02 August 2008
We're sad to report that John Mark Stallings
the son of former University of Alabama football coach Gene Stallings
passed away this morning at the Stallings home in Texas.
John Mark was a very visible presence in the Alabama football program during his father's tenure at Alabama from 1990 to 1996. He was seemingly at every practice, being driven around in a golf cart by Coach Stallings'
personal assistant Cedric Burns
. And he didn't miss games. Many Bama fans have tearfully remembered the image of John Mark celebrating with his mother during the closing moments of Alabama's 34-13 victory over Miami in the Super Dome when Alabama won its last National Championship.
For those people that had the opportunity to know him, the memories aren't on that grand of a scale, but rather in the small personal moments. It didn't matter if you were someone that John Mark knew well, or someone that he saw only once or twice a week. If you were an Alabama fan, that was good enough for him. If you made eye contact, the next thing you would see is John Mark making a bee-line straight for you. A giant hug and a giant "Roll Tide!" would follow. And if you were fortunate enough to know him well, usually an expression of love would follow.
That moment in the Super Dome was not just a demonstration of Johnny's love for Alabama football, but more so a visual representation of John Mark's relationship with his father. There are thousands of stories of the different things that Gene and John Mark did together. Gene even wrote a book
about their relationship.
But all you really need to know about their relationship is that John Mark had his own office at the Alabama football office, and it was right next to his father's. Gene Stallings, a normally very stoic and demanding man could not and would not stand for being away from his son for an entire work day. Despite the day to day demands on the head football coach at the University of Alabama, there was always time during Coach's busy day for John Mark... always.
John Mark was 46 years old, defying the odds his entire life. In 1962 the diagnosis of Down's Syndrome
was a diagnosis that meant a very short life. Only 20% of patients diagnosed with Down's Syndrome live past the age of 30. That number drops to 8% after 40, and only 2% after 50.
This is a loss that can not be accurately explained to someone outside of the Alabama family. The loss of the son of a former coach would likely be newsworthy at any place where college football is popular, especially if that coach was as loved as Gene Stallings. But for Alabama fans this is not noteworthy. It is heart breaking.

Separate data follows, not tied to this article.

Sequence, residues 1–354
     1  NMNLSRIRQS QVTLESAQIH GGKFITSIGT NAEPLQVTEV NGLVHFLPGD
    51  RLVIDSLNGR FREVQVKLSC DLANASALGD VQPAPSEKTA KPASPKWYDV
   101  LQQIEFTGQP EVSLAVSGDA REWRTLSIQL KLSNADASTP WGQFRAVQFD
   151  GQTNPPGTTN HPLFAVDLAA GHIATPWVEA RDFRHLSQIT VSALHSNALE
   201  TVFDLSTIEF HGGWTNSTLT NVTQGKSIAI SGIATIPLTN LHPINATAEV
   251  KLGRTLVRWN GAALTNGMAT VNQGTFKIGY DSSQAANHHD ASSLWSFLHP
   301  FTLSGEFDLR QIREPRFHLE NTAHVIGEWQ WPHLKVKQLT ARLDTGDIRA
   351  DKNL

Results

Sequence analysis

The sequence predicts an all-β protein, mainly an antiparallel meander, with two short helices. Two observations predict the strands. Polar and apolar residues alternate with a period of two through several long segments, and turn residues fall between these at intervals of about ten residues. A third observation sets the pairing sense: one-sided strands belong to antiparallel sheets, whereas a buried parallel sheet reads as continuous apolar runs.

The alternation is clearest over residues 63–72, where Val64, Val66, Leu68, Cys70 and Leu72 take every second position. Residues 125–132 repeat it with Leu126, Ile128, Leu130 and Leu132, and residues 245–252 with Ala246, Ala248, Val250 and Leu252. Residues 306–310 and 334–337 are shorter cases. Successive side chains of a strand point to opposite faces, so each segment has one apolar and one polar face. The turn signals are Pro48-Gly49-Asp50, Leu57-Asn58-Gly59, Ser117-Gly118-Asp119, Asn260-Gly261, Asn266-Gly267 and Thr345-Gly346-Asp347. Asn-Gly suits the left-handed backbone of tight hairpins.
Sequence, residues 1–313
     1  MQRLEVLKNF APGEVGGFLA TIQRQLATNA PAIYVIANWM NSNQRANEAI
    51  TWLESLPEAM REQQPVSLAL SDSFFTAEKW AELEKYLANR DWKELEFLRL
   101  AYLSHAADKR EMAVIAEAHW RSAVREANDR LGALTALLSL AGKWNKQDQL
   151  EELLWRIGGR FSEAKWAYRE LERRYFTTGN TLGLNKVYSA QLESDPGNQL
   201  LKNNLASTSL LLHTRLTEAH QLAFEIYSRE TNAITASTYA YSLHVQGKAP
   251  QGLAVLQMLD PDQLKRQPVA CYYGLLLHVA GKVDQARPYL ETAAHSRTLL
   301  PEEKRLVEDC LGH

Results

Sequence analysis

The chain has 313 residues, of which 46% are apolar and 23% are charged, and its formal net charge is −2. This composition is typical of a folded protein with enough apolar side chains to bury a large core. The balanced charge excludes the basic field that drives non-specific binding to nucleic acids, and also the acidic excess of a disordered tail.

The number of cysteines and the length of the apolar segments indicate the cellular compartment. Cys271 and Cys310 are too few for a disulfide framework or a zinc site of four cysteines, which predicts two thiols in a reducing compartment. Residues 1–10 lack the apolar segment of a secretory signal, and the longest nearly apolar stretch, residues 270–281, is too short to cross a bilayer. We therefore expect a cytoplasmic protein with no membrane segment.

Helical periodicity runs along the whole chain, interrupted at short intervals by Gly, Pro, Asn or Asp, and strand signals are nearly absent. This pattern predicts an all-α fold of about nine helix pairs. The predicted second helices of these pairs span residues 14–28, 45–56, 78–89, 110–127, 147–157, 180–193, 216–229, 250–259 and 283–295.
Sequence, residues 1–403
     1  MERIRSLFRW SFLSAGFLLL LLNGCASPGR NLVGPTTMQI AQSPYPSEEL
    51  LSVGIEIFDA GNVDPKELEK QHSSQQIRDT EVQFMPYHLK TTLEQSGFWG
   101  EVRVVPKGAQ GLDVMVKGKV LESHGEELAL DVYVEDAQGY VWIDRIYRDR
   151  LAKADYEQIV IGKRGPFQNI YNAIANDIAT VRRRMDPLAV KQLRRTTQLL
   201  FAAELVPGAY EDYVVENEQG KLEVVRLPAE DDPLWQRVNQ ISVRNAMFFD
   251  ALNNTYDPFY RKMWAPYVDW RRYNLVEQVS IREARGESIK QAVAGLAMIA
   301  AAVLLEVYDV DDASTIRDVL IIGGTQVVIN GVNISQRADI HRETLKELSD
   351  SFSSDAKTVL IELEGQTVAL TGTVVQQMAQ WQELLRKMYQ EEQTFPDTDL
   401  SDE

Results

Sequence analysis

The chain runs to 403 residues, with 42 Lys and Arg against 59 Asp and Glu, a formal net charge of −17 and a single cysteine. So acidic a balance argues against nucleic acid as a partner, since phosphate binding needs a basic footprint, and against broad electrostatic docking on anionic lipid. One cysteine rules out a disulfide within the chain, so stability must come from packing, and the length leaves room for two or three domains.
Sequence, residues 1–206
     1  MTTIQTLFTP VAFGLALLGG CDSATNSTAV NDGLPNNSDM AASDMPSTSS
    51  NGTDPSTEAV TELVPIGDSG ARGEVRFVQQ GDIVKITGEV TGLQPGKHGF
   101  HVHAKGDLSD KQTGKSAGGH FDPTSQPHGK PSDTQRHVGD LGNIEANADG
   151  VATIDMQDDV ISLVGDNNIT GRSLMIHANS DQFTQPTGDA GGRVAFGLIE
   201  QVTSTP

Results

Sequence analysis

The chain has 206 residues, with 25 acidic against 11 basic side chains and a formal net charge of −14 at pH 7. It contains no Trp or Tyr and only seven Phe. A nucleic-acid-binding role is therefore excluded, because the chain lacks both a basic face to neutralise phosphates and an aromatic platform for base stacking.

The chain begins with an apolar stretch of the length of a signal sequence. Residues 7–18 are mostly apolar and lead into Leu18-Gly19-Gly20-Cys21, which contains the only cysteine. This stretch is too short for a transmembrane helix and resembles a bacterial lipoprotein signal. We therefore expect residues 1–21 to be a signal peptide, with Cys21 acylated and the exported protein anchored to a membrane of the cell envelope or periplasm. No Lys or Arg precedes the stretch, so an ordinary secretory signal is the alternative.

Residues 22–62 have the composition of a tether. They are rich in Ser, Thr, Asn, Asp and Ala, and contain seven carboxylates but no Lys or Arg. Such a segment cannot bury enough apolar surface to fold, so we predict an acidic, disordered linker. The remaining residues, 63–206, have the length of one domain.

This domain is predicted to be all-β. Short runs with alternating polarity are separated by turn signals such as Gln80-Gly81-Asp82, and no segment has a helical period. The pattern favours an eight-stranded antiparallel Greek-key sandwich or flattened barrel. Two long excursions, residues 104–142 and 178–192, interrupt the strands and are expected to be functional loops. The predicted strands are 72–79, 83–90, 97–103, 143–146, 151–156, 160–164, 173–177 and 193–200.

Our thoughts are with Gene, Ruth Ann & the entire Stallings family.
Below is the statement from the University of Alabama.
John Mark Stallings, son of former University of Alabama head football coach Gene Stallings, died early Saturday morning. John Mark, who was born with Down syndrome and suffered from health problems related to a congenital heart defect, was 46.
"I've known John Mark Stallings his entire life," said Mal Moore, Director of Athletics at the University of Alabama. "I want to extend my deepest sympathy to Coach Stallings, Ruth Ann and the entire Stallings family. For someone who never played or coached a game, I think John Mark may have touched more Alabama fans than any other person ever did. I would like to thank the Stallings family for sharing their love for John Mark with all of us."
John Mark's story, detailed by his father in the book, "Another Season", served as an inspiration to millions. The University of Alabama football equipment room was formally dedicated as the "John Mark Stallings Equipment Room" on December 8, 2005. John Mark's courage and attitude had a positive impact on all who knew him. He also deeply affected Coach Stallings' perception of football, and the coach's approach on the field.
"I had a whole lot less tolerance for the gifted and a whole lot more tolerance for the guy that wasn't quite as gifted," Gene Stallings told a reporter in January of 2008. "With Johnny, I saw him struggle to walk, struggle to kick a ball, struggle to do everything that he did. So, I had a little tolerance for the guys that had to struggle. If you had talent and didn't lay it on the line, I didn't have much tolerance for you. The less talented guy can't play on Saturdays. But he can get you ready to play on Saturdays. I wanted the guys who played on Saturday to have an appreciation for that guy who got them there."
Funeral arrangements for John Mark Stallings are pending.